Marketing industry’s new minister promises to listen to Brexit concerns

In his first speech to an advertising audience since taking on the role, Matt Hancock said self-regulation was “very important” to him and that the concerns of the industry would be heard in Brexit negotiations.

Matt Hancock, the new minister for culture and the digital economy, used his first speech to an advertising audience to reassure the industry that he would listen to their concerns over Brexit and that he understands the important role it plays to the UK economy.

Speaking at the Advertising Association’s summer reception, Hancock laid out how despite the fact that the vast majority of the audience had voted to remain in the EU, it is now “encumbent on all of us to work to make the best of it”.

He highlighted three principles to making it work: first through getting the best possible deal with the EU; second through making the most of the UK’s relationships with the rest of the world; and third by winning an argument about the nature of Britain.

“I want to hear from all of you on what matters most to you about our relationship with Europe so we can feed that into the renegotiations,” he said.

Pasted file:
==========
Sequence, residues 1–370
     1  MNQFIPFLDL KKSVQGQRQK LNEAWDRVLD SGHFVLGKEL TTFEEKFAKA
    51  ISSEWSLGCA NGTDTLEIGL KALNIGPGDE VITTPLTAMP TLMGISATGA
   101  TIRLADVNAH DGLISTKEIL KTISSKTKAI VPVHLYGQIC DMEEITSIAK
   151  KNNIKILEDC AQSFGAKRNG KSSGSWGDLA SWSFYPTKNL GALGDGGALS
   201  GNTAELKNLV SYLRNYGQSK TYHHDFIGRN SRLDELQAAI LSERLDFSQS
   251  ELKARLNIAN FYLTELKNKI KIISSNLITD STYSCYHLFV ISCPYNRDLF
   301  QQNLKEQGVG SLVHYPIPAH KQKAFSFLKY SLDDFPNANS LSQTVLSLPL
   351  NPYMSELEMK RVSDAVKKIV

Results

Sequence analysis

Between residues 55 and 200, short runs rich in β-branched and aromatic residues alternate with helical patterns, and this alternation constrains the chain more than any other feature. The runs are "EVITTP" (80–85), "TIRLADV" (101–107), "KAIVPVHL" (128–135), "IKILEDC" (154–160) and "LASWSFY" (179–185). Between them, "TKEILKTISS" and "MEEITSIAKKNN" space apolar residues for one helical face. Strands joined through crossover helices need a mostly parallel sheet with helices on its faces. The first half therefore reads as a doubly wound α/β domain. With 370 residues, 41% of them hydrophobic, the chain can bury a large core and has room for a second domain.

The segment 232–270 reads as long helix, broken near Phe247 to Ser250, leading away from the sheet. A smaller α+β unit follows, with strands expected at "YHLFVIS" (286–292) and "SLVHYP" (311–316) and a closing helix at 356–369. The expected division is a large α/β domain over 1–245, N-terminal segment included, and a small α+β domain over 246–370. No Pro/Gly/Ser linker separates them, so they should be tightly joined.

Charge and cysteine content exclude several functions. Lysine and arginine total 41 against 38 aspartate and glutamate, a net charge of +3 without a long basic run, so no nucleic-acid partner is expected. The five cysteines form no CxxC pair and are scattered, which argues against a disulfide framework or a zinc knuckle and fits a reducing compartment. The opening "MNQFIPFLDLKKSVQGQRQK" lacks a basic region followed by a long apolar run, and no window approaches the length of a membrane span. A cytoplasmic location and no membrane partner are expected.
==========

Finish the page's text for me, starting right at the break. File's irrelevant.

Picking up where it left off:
“I want to see a Britain that is more successful, more prosperous but also that is tolerant, open and inclusive. I am convinced we can do this but we have to get out there and make the argument. We are the undisputed hub for advertising in Europe and maybe the world. I want to work with you to make sure that remains the case for generations to come.”

Hancock also laid out his view on one of the key issues facing the industry – regulation.

“The legal, truthful, honest and decent approach to advertising in the UK is incredibly important. Entrenching these principles through behaviour rather than through statutory means is very important to me.”

Matt Hancock MP, minister for culture and the digital economy

His words were broadly welcomed. Ian Twinn, ISBA’s director of public affairs, who was at the event says: “Matt Hancock’s message to adland was well informed, clearly reflected a keen interest in our challenges and how our small bit of the creative industries can help the UK make a success of Brexit.”

That it was well infomed is key and Hancock was keen to point out his background in the industry. His boss, the new secretary of state for culture, media and sport Karen Bradley, has very little experience in the sector.

But Hancock pointed out that his family business was in direct marketing and that in his previous role as minister for the cabinet office he was responsible for the government’s £300m ad budget.

“Advertising is an area I am deeply interested in and have have experience of,” he said.

“I have experience as a significant buyer of advertising. We worked very hard to be a smarter buyer of advertising and to deconflict some of the purchasing and smarter up the impact of our ad buying.”